If we truly believe that God provides everything (He does), then everything we have belongs to Him (It does).

Since money is the primary method used to purchase earthly things, which ultimately belong to God, then all money is a gift from God and is to be used to glorify His name. We must, therefore, treat the money that has been gifted to each of us with seriousness and stewardship. Living our lives in a godly manner includes handling the money entrusted to us in a godly way, avoiding debt, and giving generously. (1 Peter 4:10)

Unfortunately, it’s easy to forget this, and sometimes we experience financial difficulty by mishandling our money. Some time ago, I accumulated more debt than I could manage. Eventually, it all came to a crash. After refinancing to pay it off, I adopted the following money management disciplines to never again to accumulate any debt and manage money in a godly manner.

The Discipline of Communication

Communication about money is essential, as money problems are more likely to occur when little or no communication exists.

If married, you and your spouse will have different ideas about spending. One of you is willing to spend more readily than the other (in my case, me), and both will spend on items that the other may not. Avoiding the discussion about what your financial needs and priorities are, will result in each of you adopting spending habits based on your personal likes. This increases your likelihood of money problems.

If you are single, a good stewardship practice is to discuss money with your parents, a sibling, or someone you trust to hold you accountable.

Whether single or married, remember that your ideas on spending are yours, and only yours. Be prepared to change some of your spending habits to come to an agreement on how to spend. Practice the discipline of communicating.

The Discipline of Avoiding Debt

The discipline of avoiding debt is something that is mentioned in the Bible many times. There are two primary and easy ways to accumulate debt: credit cards and lines of credit.

Here is a great way to avoid the inability to pay your credit card balance: Every time you purchase something and plan to use your credit card for payment, ask yourself, “Can I pay for this later today?” In other words, do you have enough money that you can go online and pay for this purchase right now? If your answer is no, then don’t make the purchase.

If your answer is yes, go ahead and buy it – but here is the next step: Later that day, or certainly by the next morning, go online and pay off your credit card. Don’t wait until the statement arrives. I guarantee that if you follow this discipline, you will never have any credit card debt.

Lines of credit offered by financial institutions are great – for them, not you. Lines of credit are demand notes that are 100% in the financial institutions’ favor. A demand note means that at any time, with no reason needed, payment of the balance can be “demanded” to be paid back immediately – not over time. It is when you are most vulnerable, maybe due to the loss of a job, that the financial institution will demand payment.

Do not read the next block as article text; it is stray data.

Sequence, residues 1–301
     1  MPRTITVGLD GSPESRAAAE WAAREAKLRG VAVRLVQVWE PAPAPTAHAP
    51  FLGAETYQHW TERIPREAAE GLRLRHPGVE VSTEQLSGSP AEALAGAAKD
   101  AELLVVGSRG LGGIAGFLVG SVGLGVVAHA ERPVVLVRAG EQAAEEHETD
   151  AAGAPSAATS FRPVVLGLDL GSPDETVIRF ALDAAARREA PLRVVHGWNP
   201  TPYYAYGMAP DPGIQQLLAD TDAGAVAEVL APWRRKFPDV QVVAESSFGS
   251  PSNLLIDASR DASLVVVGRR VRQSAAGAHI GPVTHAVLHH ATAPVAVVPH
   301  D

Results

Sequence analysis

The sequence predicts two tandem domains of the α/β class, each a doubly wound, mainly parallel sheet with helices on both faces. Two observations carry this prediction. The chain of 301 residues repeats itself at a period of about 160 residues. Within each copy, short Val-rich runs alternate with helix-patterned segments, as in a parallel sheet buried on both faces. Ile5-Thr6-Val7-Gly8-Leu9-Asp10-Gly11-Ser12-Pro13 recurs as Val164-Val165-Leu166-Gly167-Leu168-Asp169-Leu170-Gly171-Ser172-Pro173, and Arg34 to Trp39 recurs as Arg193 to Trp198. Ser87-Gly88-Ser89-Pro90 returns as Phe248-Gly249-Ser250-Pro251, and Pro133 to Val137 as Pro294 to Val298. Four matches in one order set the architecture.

Lines of credit should be avoided, as Scripture is very clear about unnecessary debt. (Proverbs 22:26-27)

The Discipline of Maintaining an Income/Expense Statement

The third discipline is maintaining a monthly income/expense statement. Whether it’s an electronic spreadsheet or pad of paper, list all your expenses. At the bottom, add an income line with your take-home pay. Every time you purchase an item, add it to whichever line of your expense listings so that it deducts the same amount from your income.

Do this daily or every other day. As it accumulates, you will be amazed at how much money you spend on items, and every day you will be able to see how much money is left for the month. Stop spending when the balance is at zero.

If you are already in debt, struggling to pay it off, or just can’t do it, set aside your pride and get help. Talk to people close to you or seek professional help, but don’t wait. The problem will not go away and will probably get worse over time.

These disciplines will work for you if you follow them in both bad and good times. I know, because I have applied these for almost ten years now. And the rewards are incredible: No stress about money, peace of mind, a better marriage, more ability to be financially generous, and the ability to pursue a godly life. (Hebrews 12:1-2)

RICK VERKERK is Promise Keepers Canada’s Director of Conferences.

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